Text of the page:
Restructurings, especially those involving multiple jurisdictions, are invariably complex matters. This CMS Expert Guide provides an overview of the various restructuring possibilities available in a large number of countries, allowing you to compare how the options are deployed in these jurisdictions.
We intend to update it periodically to reflect important changes as they happen.
If you need more information or have any questions, please do not hesitate to contact us.
UPDATED 3 AUGUST 2020
Updates marked with *
Updated: Ireland, Israel
We take a look at some of the recent emergency legislation and measures implemented by various nations around the world in response to COVID-19. As this is a rapidly developing crisis, please ensure you keep a close eye on the Lexology Coronavirus hub page for the most up-to-date information.
Welcome to the October 2022 edition of the HFW Commodities bulletin.
In this extended edition, a number of our partners from across the globe have taken time to reflect on the profound impact of the Russian invasion of Ukraine on the commodities sector. It includes contributions from our offices in Australia, Geneva, London and Singapore, with articles on energy and food security, sanctions, insolvency, regulation, the energy transition and force majeure.
On the back page, you will find details of the latest news and where you can meet the team next.
In the years since its independence, Ukraine's public and private sectors have faced one crisis after another. Notwithstanding different factors causing distress and incomparable peculiarities of each, restructuring has always remained one of the key mechanisms to make it through these difficult periods and get back on track. This includes the current crisis due to Russia’s invasion of Ukraine. Even in the present unprecedent environment, inaction is not a solution.
While the CIS nations have recently provided a multitude of sizeable restructuring cases, the region’s dominant force, Russia, has stood up reasonably well to lengthy economic decline, economic sanctions and the collapse of oil and gas prices. There are now signs however, that its complex troubles are pushing certain companies towards a restructuring or insolvency position.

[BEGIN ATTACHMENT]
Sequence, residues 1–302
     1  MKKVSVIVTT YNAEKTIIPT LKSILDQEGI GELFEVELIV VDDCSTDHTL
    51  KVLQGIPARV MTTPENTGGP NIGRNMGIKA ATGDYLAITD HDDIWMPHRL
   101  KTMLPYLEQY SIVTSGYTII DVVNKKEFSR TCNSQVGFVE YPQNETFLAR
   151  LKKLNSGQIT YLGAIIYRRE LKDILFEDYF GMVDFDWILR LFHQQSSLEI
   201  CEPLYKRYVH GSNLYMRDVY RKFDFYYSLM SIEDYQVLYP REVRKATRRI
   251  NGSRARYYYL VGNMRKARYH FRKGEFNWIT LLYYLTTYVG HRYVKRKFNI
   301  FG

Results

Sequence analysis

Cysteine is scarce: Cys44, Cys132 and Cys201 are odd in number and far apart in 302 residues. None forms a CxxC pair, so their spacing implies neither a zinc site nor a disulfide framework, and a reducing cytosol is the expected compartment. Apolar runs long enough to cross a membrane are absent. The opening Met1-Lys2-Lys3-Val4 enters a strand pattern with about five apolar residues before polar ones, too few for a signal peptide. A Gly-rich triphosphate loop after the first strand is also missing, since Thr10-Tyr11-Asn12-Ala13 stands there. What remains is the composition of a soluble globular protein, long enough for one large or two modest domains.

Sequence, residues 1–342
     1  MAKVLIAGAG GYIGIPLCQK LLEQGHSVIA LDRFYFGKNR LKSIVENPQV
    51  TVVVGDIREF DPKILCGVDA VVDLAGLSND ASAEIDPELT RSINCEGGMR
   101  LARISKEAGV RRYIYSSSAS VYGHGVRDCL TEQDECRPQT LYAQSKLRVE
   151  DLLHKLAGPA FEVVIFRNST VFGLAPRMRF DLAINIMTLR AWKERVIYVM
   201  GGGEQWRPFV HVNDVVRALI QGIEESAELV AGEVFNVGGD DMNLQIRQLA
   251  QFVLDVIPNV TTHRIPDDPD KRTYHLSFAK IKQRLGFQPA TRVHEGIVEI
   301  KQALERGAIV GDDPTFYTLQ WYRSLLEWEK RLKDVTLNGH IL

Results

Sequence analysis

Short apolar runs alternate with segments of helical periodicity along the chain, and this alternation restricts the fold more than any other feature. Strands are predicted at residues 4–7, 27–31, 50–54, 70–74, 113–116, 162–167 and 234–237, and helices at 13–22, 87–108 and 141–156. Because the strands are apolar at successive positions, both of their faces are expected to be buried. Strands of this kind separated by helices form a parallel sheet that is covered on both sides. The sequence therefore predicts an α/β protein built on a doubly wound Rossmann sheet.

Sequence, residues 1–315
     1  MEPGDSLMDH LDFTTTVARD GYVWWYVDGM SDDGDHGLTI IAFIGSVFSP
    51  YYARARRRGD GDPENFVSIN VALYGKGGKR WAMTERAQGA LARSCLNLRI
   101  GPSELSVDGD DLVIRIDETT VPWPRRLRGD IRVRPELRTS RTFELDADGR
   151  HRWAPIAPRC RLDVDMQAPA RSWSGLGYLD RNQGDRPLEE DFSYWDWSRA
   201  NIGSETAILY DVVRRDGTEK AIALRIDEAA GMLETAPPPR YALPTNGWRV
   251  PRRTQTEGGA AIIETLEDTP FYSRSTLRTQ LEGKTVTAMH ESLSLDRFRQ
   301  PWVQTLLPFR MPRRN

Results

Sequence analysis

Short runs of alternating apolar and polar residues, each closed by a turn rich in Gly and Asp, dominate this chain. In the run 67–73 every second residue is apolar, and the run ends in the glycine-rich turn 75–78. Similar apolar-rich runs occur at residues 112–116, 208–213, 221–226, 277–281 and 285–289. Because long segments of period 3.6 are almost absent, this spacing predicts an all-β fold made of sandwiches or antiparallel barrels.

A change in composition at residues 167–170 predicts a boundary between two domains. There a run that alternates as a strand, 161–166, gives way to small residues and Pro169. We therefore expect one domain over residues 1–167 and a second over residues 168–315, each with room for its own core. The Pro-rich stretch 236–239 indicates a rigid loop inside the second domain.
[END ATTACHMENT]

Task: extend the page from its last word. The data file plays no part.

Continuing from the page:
In response to the economic crisis caused by the COVID-19 pandemic, lawmakers very quickly started working on improving the legal framework to enhance existing and develop new restructuring instruments. Contrary to expectations, not that many restructurings actually took place in 2020, likely because of support made available to businesses.
September 2016 CMS_LawTax_Negative_28-100.eps Enforcing Security over Real Estate and Shares across Europe 2 | Enforcing Security over Real Estate and Shares across Europe 3 Introduction 4 Albania 5 Austria 6 Belgium 7 Bulgaria 8 Czech Republic 9 England and Wales 10 France 11 Germany 12 Hungary 13 Italy 14 Luxembourg 15 Montenegro 16 Netherlands 17 Poland 18 Portugal 19 Romania 20 Russia 21 Scotland 22 Serbia 23 Slovakia 24 Slovenia 25 Spain 26 Turkey 27 Ukraine 28 Contacts Contents 19 practice and sector groups working across offices Ranked 2nd most global law firm in the Am Law 2015 Glob
Draft Law No. 3555 “On Financial Restructuring” (the “Restructuring Law”) aimed at creating effective mechanisms for voluntary financial restructuring of Ukrainian companies’ debts (the “Voluntary Restructuring”). The Restructuring Law is adopted as a temporary measure and will be in effect for three years. The Government expects that the Restructuring Law will result in reducing the amount of bad loans and restoring bank lending.
The main novelties of the Restructuring Law are as follows:
On 18 January 2013 the Law of Ukraine on Introducing Changes to the Law on Restoring Debtor Solvency or Declaring Bankruptcy (the “New Bankruptcy Law”) became effective. The new Bankruptcy Law introduces a number of important changes to the bankruptcy procedure in Ukraine.
On 22 September 2011, the Parliament of Ukraine adopted the Law of Ukraine No. 3795-VI “On Amendments to Several Legislative Acts of Ukraine regarding the Regulation of Legal Relations between Creditors and Receivers of Financial Services” (the “Law”). The Law, among other changes, introduced amendments to the Law of Ukraine “On Restoring Debtor’s Solvency or Recognising it Bankrupt”, No. 2343-XII, dated 14 May 1992, as amended (the “Bankruptcy Law”).